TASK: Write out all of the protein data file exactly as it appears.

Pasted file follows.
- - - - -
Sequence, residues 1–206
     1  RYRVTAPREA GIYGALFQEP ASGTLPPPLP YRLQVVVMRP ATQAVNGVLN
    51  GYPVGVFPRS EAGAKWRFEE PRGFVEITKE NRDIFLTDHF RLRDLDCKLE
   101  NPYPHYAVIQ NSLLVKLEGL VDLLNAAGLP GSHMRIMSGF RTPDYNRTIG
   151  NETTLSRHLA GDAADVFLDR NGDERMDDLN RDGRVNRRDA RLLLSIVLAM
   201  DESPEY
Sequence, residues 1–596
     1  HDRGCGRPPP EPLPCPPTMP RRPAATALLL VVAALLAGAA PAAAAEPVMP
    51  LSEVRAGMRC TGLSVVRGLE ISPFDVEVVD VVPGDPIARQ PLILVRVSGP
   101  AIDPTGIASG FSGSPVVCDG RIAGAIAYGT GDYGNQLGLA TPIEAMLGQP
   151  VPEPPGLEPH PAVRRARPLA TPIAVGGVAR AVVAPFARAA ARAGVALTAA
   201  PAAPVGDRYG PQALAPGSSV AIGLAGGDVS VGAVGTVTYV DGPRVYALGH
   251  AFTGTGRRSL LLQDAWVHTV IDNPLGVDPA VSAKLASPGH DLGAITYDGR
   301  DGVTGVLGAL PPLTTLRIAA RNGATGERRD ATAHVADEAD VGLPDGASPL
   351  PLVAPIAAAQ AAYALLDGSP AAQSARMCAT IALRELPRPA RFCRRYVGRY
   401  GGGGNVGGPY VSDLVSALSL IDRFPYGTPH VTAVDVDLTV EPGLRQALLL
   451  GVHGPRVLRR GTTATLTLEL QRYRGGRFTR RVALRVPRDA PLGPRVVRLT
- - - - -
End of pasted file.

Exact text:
Sequence, residues 1–206
     1  RYRVTAPREA GIYGALFQEP ASGTLPPPLP YRLQVVVMRP ATQAVNGVLN
    51  GYPVGVFPRS EAGAKWRFEE PRGFVEITKE NRDIFLTDHF RLRDLDCKLE
   101  NPYPHYAVIQ NSLLVKLEGL VDLLNAAGLP GSHMRIMSGF RTPDYNRTIG
   151  NETTLSRHLA GDAADVFLDR NGDERMDDLN RDGRVNRRDA RLLLSIVLAM
   201  DESPEY
Sequence, residues 1–596
     1  HDRGCGRPPP EPLPCPPTMP RRPAATALLL VVAALLAGAA PAAAAEPVMP
    51  LSEVRAGMRC TGLSVVRGLE ISPFDVEVVD VVPGDPIARQ PLILVRVSGP
   101  AIDPTGIASG FSGSPVVCDG RIAGAIAYGT GDYGNQLGLA TPIEAMLGQP
   151  VPEPPGLEPH PAVRRARPLA TPIAVGGVAR AVVAPFARAA ARAGVALTAA
   201  PAAPVGDRYG PQALAPGSSV AIGLAGGDVS VGAVGTVTYV DGPRVYALGH
   251  AFTGTGRRSL LLQDAWVHTV IDNPLGVDPA VSAKLASPGH DLGAITYDGR
   301  DGVTGVLGAL PPLTTLRIAA RNGATGERRD ATAHVADEAD VGLPDGASPL
   351  PLVAPIAAAQ AAYALLDGSP AAQSARMCAT IALRELPRPA RFCRRYVGRY
   401  GGGGNVGGPY VSDLVSALSL IDRFPYGTPH VTAVDVDLTV EPGLRQALLL
   451  GVHGPRVLRR GTTATLTLEL QRYRGGRFTR RVALRVPRDA PLGPRVVRLT